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I work with governmental register data, which includes sensitive information about individuals, and therefore cannot make datasets available to the public lest I risk violating the privacy of my subjects. Even though the data are anonymised, it contains information such as addresses and dates of medical prescriptions that should not be made public. I myself need to work inside a secure computer lab and don't have free access to these data. What are the possibilities for open science in this case?

Edit: My terms of use prohibit any sharing of the dataset with others not authorised to use the data. I am not allowed, in addition, to transfer the data from the computer where they are supposed to be analysed.

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  • If you're using VCS repository to store your data, you may consider encrypting the sensitive data. See: BlackBox for more details.
    – kenorb
    Aug 5 '15 at 10:24
  • That seems useful, but storing that dataset in a VCS repository is out of question. I don't have control over the way in which it is stored at the main database, only over the files that are delivered to me. In addition, I have agreed to not store the data extractions that I receive anywhere else than the computer where I'm supposed to analyse it. The terms of use prohibit sharing data with others, even if it is encrypted.
    – Kenji
    Aug 5 '15 at 15:08
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Great question! Unfortunately, I think there are not going to be great answers. Three ideas have come up in my discussions with users of registry data:

Describe data access procedures completely: Be as transparent as you possibly can be about how you acquired the data, how others can acquire them, and what the policies and costs associated with acquisition would be.

Show everything that you can: While you cannot share the raw data, you can likely share a considerable amount of information from the data. For example, you can include descriptive statistics and graphics that convey the univariate and multivariate patterns in the data. You may also be able to share certain aggregated statistics (e.g., data aggregated at a block or city level).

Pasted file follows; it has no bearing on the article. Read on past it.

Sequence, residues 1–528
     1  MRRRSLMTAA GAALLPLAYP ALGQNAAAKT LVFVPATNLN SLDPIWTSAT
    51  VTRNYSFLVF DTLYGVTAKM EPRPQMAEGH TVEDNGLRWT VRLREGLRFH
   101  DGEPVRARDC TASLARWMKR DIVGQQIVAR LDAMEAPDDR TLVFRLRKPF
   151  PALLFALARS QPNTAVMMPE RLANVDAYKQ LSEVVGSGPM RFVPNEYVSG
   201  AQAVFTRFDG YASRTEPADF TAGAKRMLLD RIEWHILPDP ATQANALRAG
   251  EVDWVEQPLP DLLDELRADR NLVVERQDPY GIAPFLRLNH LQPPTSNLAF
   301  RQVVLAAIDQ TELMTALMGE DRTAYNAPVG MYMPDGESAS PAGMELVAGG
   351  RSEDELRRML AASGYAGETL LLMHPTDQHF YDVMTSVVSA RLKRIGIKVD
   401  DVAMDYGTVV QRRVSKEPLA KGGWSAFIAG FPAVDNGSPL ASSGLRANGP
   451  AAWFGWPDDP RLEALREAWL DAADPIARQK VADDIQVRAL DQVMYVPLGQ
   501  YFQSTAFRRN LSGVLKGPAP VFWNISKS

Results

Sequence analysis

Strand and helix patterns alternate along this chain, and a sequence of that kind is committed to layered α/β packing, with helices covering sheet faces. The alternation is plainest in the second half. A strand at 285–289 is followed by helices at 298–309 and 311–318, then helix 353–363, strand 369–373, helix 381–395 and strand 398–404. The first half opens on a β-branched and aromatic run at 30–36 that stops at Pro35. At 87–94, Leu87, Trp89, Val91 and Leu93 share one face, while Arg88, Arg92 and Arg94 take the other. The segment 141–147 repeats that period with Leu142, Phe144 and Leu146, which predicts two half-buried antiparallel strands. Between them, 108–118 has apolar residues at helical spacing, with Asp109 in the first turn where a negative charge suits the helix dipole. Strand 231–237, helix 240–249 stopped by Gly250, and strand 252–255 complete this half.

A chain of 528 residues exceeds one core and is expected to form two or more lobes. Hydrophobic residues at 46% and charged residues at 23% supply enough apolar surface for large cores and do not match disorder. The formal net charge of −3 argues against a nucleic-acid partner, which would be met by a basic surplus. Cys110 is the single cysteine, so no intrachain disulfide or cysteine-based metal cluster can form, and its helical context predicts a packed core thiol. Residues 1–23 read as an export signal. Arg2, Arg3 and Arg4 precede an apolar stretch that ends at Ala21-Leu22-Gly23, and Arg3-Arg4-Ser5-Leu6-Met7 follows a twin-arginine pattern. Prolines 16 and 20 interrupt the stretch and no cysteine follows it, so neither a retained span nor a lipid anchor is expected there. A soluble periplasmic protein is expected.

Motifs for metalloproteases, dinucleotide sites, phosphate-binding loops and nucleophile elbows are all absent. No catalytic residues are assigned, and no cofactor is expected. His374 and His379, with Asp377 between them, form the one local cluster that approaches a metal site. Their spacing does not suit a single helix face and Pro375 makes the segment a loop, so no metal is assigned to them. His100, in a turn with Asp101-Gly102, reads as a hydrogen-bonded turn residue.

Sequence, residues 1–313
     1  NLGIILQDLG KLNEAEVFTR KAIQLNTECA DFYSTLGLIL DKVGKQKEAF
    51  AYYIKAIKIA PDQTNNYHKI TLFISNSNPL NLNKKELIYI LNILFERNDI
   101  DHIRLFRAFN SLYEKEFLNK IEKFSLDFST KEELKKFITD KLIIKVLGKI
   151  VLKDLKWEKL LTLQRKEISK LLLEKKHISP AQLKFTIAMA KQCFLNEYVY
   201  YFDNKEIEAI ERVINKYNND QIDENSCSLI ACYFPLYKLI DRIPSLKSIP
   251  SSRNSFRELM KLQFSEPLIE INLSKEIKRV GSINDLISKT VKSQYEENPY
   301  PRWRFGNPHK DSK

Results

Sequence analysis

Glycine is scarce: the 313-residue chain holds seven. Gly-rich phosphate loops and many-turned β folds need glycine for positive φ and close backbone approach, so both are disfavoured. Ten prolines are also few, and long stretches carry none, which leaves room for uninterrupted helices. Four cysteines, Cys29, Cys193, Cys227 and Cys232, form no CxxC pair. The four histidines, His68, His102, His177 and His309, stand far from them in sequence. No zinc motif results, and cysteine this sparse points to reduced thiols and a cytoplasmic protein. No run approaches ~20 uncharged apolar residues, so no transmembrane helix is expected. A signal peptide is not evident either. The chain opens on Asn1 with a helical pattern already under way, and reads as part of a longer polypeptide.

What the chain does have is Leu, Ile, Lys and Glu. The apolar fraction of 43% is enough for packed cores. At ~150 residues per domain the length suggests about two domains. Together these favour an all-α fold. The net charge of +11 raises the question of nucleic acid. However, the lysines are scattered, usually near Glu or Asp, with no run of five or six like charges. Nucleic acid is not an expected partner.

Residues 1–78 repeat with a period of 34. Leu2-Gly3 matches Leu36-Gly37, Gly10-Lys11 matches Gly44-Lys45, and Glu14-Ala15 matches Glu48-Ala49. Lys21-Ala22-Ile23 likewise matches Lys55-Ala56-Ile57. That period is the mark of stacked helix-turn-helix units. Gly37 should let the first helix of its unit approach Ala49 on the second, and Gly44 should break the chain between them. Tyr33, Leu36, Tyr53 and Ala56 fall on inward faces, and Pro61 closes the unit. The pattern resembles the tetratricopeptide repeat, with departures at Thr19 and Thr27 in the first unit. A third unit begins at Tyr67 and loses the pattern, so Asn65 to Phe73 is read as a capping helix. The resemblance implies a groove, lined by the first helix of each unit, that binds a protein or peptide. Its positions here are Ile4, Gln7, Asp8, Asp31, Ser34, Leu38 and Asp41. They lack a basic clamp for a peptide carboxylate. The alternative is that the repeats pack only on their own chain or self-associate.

Offer to collaborate: You may have privileged access to data (i.e., other simply will not be able to access it). In that case, to the extent allowed by data access rules, you should offer the ability to run analyses for others and collaborate with them using the data. This would mean that even your critics can use the data in a meaningful public exchange of ideas, even if the data themselves cannot be made public.

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  • These seem to be the most pragmatic solutions to my problem.
    – Kenji
    Aug 5 '15 at 15:11
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While you can't share the data or the sensitive bits, you can share your results for whatever analyses you're doing.

For each analysis you make of the data, check your results. Remove any identifying or sensitive information, and then publish what you've got.

If others contact you about your results, and ask what your data was, you just have to make very clear that you have the data as part of your job, which gives you access to some sensitive material. If put nicely, no reasonable person will complain about the fact that you can't share it with them.

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I will agree that sensitive HIPPA data can't be published, even if anonymized. However, many institutions have groups to provide assistance in this area. One possibility is to produce a reporting database that aggregates the entries according to a set of criteria. Look at the U.S. Census data. They produce a large number of datasets that are aggregated according to various criteria. The criteria for the "group by" (This is a keyword in SQL used to explain data.) There have to be guidelines out there for aggregating data for release.

As I said, look at how the U.S. Census publishes reports. I have seen a few and they contained all of the rules used for aggregation.

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  • There is no "HIPPA" except as a bit of an internet meme about how people who spell HIPAA incorrectly probably don't know what the law means.
    – Bryan Krause
    Jul 29 at 22:12
  • You are correct. It's been a few years since I worked at a medical research establishment that published reports on medical test data. I haven't used the acronym that much in the last few years, but they hammered it into us back then. Jul 29 at 22:18
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One other solution for this problem is for the data owner to produce and release a synthetic data set, based on the original, which adequately replicates the properties of that original (e.g. joint distributions of variables) but does not disclose information about real individuals. A literature search on "synthetic data" should find plenty of discussion of methods.

It's a fair bit of work, and as you're not the data owner all you could do here is ask the relevant agency to consider producing a synthetic data set, but if there's enough demand they might consider it. I know quite a few government agencies are looking at synthetic data for this purpose, because sometimes the hassle of producing synthetic data is less than the hassle of running things like secure data labs.

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